A British expert on gorillas was killed in her Cameroon home on the orders of a chef she had fired, an inquest heard.
Dr Ymke Warren, 40, a world-renowned primatologist also known as Imke, was bound, gagged and had her throat slit by an intruder who is believed to have hidden in her attic in wait.
The killing was ordered by a disgruntled cook, Timbu Collins, who was sacked from his job at her conservation site after getting into fights and starting an affair with an American volunteer.
The assassin, who was paid £5,000, waited for Dr Warren before tying and gagging her.
He told her “now you are going to see” and cut her throat.
Four men have been convicted of plotting her murder in June 2010.
Dr Warren’s boyfriend Aaron Nicholas, 44, returned to their home in the coastal town of Limbe just after 8am to find her lying in a pool of blood with her throat slit, Westminster Coroner’s Court heard.
A housemaid, Priscilla, had also been bound and gagged by the murderer.
Dr Shirley Radcliffe, the assistant coroner, said Mr Nicholas heard someone sobbing when he arrived home.
“He ran upstairs to the living room and on the other side of the door lying prone was the body of Dr Warren. She was motionless, hands tied behind her back gaffer-taped and lying in a pool of blood. A male figure stepped out holding a weapon of some sort in his hands.”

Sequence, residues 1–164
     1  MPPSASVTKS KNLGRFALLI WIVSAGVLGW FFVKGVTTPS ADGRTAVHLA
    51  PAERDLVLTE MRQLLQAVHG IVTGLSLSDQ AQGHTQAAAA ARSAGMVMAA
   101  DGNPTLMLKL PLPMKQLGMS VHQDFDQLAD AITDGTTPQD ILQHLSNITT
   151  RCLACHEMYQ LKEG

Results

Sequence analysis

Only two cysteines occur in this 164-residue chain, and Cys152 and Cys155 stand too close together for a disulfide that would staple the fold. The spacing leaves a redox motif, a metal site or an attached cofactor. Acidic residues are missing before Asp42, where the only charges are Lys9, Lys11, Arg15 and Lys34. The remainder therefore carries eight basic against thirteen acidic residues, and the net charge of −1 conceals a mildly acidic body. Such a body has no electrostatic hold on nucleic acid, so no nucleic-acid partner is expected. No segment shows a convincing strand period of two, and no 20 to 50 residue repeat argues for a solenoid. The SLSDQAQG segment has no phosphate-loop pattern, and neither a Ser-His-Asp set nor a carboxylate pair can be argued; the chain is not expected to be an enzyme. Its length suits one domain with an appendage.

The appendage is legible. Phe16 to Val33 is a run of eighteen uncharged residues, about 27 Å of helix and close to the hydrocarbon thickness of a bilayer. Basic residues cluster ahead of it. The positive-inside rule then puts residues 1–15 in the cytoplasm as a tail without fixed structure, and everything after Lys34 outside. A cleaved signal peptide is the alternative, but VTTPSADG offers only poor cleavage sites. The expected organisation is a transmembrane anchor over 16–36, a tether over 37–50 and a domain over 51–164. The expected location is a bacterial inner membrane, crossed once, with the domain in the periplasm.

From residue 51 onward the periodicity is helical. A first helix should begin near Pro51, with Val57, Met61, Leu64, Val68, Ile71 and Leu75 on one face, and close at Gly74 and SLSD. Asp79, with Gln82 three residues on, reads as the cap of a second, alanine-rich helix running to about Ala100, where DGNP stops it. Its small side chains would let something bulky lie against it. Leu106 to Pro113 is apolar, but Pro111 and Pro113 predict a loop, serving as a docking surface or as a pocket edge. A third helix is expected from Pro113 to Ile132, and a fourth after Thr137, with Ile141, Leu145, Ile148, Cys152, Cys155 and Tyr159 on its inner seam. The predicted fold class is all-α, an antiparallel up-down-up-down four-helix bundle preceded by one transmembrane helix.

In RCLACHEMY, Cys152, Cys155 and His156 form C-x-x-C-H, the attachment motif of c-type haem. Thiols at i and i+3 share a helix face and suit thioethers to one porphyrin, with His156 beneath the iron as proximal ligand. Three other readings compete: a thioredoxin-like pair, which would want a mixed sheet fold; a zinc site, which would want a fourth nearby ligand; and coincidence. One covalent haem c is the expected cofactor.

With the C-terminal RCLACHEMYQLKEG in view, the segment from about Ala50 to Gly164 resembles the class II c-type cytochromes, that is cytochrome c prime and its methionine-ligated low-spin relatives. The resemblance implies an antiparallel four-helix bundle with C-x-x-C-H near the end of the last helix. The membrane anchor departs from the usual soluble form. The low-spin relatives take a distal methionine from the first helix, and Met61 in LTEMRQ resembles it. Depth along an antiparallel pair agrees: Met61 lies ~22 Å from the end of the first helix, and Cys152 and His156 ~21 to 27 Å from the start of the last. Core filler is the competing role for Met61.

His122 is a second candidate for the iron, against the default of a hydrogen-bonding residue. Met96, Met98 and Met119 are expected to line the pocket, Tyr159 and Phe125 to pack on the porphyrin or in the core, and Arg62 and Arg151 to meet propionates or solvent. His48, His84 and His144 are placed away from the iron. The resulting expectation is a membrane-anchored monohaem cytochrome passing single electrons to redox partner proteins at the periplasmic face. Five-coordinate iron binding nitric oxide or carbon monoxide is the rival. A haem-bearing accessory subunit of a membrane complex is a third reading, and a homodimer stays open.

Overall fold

Mr Nicholas ran out to find help and stumbled into Priscilla who was “hysterical”, the inquest heard.
Priscilla had come into the house and was grabbed by a man who put a knife to her throat, the inquest heard.
“He told her he was not there for her but for Dr Warren. He pointed to Dr Warren who was standing in the living room tied and gagged and bleeding from the neck. He said Dr Warren accused him of stealing and he said, ‘You are tough, now you are going to see’ and kicked her legs from under her and slit her throat.”
Dr Radcliffe added: “Priscilla referred to the fact that when she came in Dr Warren was pushing her purse of money with her foot, but the guy said, ‘I don’t want your money, I’m not here for that’.”
The murderer, Nfor Etienne Ngwana, had hidden in the attic and waited until Mr Nicholas left for work before attacking Dr Warren. Police arrested some of the gang who said Collins had offered them cash to kill Dr Warren. Mr Nicholas, who is also a gorilla expert who had been working with Dr Warren on the Takamanda-Mone Landscape Project studying Cross River gorillas, said: “The only person with a grudge I could think about was this person Collins who we had let go. He had a relationship with this volunteer who was a volatile character. The fact that he lost his chance of a visa and his ticket to have a life overseas and have a life outside Cameroon, may be why.”
Ngwana, who was 26 at the time, and his accomplices Tampie Richard Nchanji, and Nkuissi Tchikam Blaise Duclo, who were both 30, and Timbu Collins were convicted in September 2011 for Dr Warren’s murder. They were all sentenced to 15 years and six months behind bars.
Collins is on the run and was convicted in his absence. Duclo escaped from prison and remains at large.
The assistant coroner recorded a verdict of unlawful killing.
After the inquest Mr Nicholas, who works in Britain for the Born Free conservation project, paid tribute to Dr Warren, saying her unceasing passion “was the spark that brought us together”. He added: “We really want one last push to bring these people to justice.”